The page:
The continued proliferation of the Internet of Things (IoT) or the connected world have seen South African households mobilising towards environments that allow for the connection of multiple devices from various points across the home.

Critical to these home technology environments is the Wi-Fi network - most devices today require wireless connectivity to access the Internet. Smartphones and tablets have always relied on Wi-Fi but now devices like Smart TVs and media streaming boxes require connectivity to deliver online content and video-on-demand services, such as Netflix and Showmax, to televisions.

Moreover, laptops which once came standard with a built-in RJ45 connection for wired network connectivity, have abandoned it in favour of Wi-Fi.


The Barriers

Clearly Wi-Fi has emerged as a vital component of the technology engine and needs to run optimally to deliver the myriad of abovementioned connections.

Unfortunately, this is not the case in numerous households which are currently experiencing dead spots or weaker Wi-Fi connectivity in certain parts of their homes – a frustrating experience to say the least.

One of the main reasons is that Wi-Fi networks must contend with interference such as many devices sharing the already heavily congested 2.4 GHz frequency, or physical barriers like brick walls and concrete roofs. The reality is that a router with a single Wi-Fi access point isn’t up to the task anymore.

The good news is that there is an answer – a Wi-Fi mesh network could offer a solution to home users’ connectivity woes. In recent months, more and more homes have implemented Wi-Fi mesh systems to strengthen and extend connectivity across their physical environments.


To Mesh

Home users will undoubtedly be familiar with Wi-Fi extenders as an option to solve dead spots, however, with the increasing availability of Wi-Fi mesh systems, many users are considering it as a more appealing option.

For one, a Wi-Fi mesh system is relatively easy to set-up and use; it usually features three or more router-like devices that work together intelligently to increase Wi-Fi coverage and performance, throughout the home.

It is essentially a system of multiple Wi-Fi access points (also called Wi-Fi nodes) placed around the home, but without the set-up headache - it doesn’t require multiple networks or other fussy input controls. Usually all it takes is plugging in the units and following some simple steps in the accompanying mobile app to create a Wi-Fi blanket that covers your entire home.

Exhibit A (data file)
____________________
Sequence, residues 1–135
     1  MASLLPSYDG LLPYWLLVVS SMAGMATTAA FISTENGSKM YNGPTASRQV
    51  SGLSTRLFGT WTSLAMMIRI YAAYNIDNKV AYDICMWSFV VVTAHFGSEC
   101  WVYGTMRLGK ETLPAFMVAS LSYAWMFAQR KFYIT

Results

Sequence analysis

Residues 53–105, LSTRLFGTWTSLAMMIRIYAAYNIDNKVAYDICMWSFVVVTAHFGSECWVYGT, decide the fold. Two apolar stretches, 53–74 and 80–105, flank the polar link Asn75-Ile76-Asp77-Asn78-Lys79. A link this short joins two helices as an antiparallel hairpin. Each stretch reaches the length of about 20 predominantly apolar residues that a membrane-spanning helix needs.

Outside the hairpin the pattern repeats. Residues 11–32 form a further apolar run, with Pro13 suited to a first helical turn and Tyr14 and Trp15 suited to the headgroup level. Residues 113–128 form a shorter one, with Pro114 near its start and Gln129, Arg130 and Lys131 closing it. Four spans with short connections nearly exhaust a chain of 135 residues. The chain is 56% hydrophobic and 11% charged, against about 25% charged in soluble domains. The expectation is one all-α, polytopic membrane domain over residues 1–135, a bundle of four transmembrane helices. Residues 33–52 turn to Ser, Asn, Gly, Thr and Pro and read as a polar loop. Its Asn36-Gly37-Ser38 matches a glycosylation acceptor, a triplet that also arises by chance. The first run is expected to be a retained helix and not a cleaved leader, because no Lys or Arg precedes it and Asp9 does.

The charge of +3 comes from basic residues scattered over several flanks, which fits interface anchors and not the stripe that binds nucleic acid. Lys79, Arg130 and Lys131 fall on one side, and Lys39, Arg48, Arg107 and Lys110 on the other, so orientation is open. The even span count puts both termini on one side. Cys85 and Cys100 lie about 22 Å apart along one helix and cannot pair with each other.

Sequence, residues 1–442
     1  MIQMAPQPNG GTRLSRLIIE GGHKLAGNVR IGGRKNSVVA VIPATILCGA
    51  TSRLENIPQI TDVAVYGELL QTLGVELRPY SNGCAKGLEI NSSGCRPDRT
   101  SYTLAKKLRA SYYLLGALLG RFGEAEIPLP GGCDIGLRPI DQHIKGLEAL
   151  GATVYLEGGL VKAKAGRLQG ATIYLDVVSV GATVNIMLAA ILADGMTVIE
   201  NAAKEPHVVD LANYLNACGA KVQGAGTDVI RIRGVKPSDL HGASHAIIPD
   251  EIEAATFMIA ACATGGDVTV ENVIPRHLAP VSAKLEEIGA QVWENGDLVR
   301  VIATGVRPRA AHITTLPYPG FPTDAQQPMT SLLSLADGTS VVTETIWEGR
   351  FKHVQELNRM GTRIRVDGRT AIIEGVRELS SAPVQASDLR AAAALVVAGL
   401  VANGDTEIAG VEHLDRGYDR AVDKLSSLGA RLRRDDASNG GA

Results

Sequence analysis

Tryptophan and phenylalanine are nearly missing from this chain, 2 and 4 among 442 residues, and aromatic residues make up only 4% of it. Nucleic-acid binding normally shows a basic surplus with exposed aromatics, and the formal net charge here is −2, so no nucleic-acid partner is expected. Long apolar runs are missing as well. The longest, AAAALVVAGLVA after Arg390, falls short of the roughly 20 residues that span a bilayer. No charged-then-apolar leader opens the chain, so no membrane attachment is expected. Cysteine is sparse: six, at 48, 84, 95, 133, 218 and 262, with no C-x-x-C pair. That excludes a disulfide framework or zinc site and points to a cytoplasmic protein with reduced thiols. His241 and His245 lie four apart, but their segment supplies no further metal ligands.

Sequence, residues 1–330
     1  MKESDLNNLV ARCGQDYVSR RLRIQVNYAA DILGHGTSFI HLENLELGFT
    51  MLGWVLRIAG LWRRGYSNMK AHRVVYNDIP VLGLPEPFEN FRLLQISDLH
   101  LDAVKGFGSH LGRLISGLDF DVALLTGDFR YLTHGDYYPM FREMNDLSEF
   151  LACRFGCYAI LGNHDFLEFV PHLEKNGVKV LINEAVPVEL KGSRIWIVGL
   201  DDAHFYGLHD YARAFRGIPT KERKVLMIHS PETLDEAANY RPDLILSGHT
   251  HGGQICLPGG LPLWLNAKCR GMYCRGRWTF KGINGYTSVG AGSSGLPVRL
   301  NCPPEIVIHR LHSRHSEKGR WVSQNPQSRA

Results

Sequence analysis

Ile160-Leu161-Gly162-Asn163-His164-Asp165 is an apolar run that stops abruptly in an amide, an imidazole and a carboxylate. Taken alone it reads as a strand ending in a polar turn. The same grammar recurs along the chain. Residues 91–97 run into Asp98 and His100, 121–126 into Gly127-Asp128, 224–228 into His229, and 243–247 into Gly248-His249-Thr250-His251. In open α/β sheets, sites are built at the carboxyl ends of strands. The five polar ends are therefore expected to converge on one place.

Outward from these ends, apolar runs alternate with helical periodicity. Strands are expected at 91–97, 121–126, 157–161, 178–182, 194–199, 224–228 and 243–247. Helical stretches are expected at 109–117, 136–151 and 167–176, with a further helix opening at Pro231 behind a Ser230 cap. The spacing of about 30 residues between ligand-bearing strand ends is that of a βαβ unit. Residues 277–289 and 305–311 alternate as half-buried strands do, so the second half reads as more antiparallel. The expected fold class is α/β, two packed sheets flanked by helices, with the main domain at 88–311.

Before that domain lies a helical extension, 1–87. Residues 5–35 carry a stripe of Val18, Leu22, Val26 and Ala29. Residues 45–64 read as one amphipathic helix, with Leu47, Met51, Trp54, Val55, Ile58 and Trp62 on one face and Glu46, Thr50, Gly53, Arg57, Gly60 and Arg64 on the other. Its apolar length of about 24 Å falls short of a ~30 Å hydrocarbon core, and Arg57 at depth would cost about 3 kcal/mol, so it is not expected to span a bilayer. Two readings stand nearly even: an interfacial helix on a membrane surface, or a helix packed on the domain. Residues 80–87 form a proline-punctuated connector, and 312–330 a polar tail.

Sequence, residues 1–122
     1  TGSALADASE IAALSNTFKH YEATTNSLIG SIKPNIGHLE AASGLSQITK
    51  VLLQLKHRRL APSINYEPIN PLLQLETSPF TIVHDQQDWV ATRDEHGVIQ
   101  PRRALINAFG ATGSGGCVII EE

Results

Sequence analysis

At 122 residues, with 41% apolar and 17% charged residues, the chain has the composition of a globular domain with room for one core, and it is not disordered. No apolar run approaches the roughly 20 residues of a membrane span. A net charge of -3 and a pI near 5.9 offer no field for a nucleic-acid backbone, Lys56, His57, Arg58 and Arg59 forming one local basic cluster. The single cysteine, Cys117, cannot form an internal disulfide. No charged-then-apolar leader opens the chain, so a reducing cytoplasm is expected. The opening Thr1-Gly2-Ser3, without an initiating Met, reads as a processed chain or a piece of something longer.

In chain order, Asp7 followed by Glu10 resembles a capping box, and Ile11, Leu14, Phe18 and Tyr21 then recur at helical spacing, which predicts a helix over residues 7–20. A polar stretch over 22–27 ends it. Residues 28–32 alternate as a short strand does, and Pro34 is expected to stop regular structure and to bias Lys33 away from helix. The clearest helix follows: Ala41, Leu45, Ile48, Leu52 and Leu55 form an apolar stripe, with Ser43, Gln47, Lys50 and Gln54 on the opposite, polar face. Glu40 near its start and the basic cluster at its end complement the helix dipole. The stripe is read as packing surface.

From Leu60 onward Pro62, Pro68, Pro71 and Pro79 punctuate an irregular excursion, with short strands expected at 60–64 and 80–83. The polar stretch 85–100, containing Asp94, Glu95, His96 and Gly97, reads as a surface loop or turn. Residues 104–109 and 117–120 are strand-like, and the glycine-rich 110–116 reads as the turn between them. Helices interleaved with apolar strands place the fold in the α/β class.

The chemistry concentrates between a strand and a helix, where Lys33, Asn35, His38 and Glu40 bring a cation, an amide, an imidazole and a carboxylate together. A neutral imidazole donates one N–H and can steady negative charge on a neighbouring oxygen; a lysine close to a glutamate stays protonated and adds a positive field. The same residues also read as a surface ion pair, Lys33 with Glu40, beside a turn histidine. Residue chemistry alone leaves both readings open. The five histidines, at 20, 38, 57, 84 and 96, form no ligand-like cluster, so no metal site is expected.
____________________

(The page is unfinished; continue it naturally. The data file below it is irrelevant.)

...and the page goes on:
Once it’s all set up, managing the network is again quite easy, most of the advanced and complicated features are managed in the background and the essential features are accessible and simple to use through the app as opposed to the router’s complicated admin page on your computer.

Ultimately it makes it a lot easier to change settings and see a glimpse of your entire home network.


A Collective Effort

AirTies’ Managed Wi-Fi Mesh solution, for instance, utilises lightweight software intelligence embedded with each node to support consistent coverage across the home at optimal data rates for each connection. Also, users can with a push of a button easily integrate more extenders into the home wireless network when needed.

These Wi-Fi nodes also collectively monitor shifting demand for broadband and TV streams from whatever devices are in use at any time and assign the best path for each transmission to ensure optimal utilisation of the Wi-Fi network.

Think of it as a relay race where runners hand off the baton to the next runner to advance down the track —Wi-Fi mesh systems work the same way.

A Wi-Fi mesh network does not replace your current router but works alongside it, handling only the Wi-Fi component. Whilst Wi-Fi extenders boost your existing router’s signal, a mesh system will create a whole new Wi-Fi system separate from the router’s current network, ultimately creating an optimised environment for your connected home.

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